Among the coming events Ms. Harris’s firm helped organize: a trip this month to the Yacht and Beach Club Resort at Disney World for Senator Mel Martinez of Florida, for a $5,000 PAC contribution, and a May trip to the Robert Trent Jones Golf Club in Virginia for Senator Richard M. Burr of North Carolina, for $2,500 a head.
Some private jet companies are trying to capitalize on the rules as well. Lawmakers can no longer fly on a company’s corporate jet and then reimburse the owner at a discount. But lawmakers can still use their PACs to pay the actual cost for the use of jets, as Mr. Cantor and others have done.
Marco Larsen, vice president for publicity at Blue Star Jets, a broker that sells single flights on private planes, said his company planned to hold an event in Washington to promote its services to members of Congress. Because of concerns about appearances, Mr. Larsen said, “We wanted to stay away right after the rules were passed, but I think it is a better time now.”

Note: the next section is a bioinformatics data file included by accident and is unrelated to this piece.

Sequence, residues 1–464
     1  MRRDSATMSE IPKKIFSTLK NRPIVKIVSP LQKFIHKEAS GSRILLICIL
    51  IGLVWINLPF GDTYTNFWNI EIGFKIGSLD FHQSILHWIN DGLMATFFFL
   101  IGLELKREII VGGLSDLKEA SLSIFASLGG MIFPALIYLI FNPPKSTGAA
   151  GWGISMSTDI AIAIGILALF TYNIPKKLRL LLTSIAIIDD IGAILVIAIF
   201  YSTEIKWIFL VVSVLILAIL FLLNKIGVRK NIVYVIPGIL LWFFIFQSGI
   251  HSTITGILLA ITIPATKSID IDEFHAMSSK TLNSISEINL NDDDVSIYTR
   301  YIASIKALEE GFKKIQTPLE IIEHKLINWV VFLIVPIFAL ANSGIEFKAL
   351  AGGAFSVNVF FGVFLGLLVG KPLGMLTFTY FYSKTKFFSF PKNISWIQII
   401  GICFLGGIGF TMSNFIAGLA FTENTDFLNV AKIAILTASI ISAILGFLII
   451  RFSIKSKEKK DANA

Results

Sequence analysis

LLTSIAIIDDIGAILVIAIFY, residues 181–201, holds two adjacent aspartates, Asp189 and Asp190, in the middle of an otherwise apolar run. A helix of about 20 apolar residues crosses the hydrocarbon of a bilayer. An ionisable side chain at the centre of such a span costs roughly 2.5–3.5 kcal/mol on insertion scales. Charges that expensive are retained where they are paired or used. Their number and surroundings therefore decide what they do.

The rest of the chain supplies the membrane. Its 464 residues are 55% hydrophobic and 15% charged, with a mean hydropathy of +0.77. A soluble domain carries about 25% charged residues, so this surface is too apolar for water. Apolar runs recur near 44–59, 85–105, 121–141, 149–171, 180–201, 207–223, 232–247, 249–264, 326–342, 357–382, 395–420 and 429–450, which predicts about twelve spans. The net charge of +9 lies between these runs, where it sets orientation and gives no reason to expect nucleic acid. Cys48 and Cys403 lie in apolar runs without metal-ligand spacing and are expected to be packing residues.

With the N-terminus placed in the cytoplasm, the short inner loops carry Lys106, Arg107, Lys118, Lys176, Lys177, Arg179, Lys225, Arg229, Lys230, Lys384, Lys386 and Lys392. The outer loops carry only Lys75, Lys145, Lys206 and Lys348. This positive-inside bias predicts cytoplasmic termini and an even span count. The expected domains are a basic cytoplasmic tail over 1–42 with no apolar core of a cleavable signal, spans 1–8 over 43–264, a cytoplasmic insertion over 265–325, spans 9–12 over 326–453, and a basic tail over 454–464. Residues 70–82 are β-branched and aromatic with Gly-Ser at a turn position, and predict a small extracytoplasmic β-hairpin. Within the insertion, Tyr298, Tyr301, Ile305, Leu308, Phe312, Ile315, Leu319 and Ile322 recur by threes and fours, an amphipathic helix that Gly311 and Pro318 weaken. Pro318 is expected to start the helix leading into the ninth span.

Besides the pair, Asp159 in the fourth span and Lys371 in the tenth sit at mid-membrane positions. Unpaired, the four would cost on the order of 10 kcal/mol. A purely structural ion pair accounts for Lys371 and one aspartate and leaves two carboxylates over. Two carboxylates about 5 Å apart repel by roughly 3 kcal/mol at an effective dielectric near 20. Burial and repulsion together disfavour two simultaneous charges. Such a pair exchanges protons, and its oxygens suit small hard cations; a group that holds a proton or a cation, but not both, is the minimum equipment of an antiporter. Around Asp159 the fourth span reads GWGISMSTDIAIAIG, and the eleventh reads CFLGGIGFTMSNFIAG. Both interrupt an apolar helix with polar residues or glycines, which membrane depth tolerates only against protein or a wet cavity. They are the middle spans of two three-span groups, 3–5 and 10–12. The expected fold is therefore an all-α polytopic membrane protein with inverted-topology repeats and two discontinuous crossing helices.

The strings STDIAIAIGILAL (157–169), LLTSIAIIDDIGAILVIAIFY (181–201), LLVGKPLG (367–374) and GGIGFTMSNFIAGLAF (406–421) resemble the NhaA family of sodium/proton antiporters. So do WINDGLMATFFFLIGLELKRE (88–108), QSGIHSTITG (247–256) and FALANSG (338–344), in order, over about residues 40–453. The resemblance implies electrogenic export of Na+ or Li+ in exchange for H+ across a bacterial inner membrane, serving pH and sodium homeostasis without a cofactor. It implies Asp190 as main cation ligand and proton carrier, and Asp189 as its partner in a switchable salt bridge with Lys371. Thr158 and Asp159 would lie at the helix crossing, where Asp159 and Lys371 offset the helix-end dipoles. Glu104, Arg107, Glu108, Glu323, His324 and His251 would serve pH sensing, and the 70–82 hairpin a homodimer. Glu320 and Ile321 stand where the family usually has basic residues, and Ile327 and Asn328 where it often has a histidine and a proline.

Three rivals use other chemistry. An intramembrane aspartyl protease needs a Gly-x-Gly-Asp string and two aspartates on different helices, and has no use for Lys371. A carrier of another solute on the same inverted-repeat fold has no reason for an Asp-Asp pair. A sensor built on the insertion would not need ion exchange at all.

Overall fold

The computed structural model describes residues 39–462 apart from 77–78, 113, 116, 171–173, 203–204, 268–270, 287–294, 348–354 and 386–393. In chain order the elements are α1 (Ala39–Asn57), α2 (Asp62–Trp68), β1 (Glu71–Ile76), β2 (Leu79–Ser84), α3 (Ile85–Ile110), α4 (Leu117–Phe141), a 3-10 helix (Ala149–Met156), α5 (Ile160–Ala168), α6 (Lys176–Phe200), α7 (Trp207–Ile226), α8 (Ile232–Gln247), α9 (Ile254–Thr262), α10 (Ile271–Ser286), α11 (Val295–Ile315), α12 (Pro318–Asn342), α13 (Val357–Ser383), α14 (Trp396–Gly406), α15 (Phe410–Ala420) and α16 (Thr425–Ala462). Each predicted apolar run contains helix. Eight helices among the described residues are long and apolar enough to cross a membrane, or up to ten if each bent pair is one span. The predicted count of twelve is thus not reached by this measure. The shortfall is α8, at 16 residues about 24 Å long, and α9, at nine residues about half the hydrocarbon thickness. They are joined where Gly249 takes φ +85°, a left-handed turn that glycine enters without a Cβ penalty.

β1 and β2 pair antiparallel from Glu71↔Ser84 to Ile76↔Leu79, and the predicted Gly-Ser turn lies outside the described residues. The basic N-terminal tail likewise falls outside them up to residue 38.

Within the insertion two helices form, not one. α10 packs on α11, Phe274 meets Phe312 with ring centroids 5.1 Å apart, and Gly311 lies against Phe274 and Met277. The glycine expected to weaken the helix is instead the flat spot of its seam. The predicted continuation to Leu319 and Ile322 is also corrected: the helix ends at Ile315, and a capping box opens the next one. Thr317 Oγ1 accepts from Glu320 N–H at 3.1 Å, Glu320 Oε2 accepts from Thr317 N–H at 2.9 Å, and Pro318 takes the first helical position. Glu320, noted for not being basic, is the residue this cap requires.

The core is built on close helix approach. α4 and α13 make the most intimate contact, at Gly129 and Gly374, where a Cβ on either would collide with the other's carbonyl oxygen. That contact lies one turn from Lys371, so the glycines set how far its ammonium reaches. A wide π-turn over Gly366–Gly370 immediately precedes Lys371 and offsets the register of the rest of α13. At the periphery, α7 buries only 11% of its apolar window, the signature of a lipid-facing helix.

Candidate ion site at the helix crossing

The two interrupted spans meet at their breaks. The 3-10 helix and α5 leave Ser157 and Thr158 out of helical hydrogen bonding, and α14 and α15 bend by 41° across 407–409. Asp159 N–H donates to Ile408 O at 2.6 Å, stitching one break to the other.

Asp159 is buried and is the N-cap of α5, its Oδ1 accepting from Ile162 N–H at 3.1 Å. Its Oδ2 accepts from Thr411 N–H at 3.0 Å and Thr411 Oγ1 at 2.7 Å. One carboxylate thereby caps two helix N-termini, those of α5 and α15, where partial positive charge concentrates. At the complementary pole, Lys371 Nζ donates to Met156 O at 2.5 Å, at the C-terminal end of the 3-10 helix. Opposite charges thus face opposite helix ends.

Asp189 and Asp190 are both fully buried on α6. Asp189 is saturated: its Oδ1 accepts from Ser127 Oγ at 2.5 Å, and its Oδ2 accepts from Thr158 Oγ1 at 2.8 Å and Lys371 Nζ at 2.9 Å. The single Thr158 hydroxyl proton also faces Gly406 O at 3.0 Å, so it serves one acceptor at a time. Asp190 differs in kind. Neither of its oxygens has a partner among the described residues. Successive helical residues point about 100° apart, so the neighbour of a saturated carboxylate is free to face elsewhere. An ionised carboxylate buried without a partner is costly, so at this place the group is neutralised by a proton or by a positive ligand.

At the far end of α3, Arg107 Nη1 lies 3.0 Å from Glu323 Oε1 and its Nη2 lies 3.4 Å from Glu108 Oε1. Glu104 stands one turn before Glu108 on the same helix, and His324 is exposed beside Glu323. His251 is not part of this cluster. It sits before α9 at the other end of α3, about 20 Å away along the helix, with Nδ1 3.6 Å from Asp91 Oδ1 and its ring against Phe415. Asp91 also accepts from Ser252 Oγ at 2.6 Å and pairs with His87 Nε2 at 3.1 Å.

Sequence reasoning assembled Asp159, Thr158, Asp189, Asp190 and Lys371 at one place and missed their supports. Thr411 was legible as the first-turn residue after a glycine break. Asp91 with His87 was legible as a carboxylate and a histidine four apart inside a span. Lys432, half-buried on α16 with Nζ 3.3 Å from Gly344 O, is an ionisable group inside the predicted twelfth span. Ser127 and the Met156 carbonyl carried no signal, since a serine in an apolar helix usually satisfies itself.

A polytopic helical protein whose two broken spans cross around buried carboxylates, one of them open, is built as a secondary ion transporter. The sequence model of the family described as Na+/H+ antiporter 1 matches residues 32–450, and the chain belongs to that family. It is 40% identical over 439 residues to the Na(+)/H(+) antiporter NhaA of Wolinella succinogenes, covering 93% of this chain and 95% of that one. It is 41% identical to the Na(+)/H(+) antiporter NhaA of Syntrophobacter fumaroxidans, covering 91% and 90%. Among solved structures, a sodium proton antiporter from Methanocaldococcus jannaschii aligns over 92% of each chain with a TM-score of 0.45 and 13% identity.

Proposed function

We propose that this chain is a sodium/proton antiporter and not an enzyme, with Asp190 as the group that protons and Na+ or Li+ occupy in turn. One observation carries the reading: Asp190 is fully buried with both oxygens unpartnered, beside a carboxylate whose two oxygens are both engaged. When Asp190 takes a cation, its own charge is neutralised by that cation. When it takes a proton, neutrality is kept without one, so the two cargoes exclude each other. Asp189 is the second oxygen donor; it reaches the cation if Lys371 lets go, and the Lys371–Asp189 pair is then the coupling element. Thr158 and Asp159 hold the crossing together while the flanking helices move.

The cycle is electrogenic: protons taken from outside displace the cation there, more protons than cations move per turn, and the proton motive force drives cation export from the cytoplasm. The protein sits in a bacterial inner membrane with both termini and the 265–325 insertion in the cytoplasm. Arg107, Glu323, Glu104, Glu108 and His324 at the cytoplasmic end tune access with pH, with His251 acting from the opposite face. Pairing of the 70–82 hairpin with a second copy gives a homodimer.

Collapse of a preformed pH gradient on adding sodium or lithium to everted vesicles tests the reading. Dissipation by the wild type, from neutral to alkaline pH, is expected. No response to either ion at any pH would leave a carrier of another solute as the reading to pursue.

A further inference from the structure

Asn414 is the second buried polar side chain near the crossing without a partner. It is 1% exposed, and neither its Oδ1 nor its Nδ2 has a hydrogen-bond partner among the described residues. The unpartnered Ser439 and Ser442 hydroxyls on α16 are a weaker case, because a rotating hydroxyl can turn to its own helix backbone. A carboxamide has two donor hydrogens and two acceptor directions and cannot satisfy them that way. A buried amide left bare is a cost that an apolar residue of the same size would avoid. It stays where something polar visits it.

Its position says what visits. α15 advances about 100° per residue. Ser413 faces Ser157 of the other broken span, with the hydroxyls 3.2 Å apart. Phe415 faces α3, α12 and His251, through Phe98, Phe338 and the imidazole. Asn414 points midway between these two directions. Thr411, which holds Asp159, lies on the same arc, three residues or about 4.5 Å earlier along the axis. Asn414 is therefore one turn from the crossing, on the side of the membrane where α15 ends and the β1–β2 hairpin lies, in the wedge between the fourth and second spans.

Lawmakers are usually reluctant to talk about their fund-raising events. Asked in an interview in the Capitol why he was taking lobbyists on a Montana hunting trip, Mr. Baucus said only, “To show off the beauty of our state,” then retreated behind a guarded door.
Mr. Martinez, who will be spending next weekend with lobbyists at Disney World, said, “I’ve heard from many other members that they have had very successful weekend events.” He added, “People can bring their families to it and bring their children, and it’s going to be fun.”
Copyright 2007 New York Times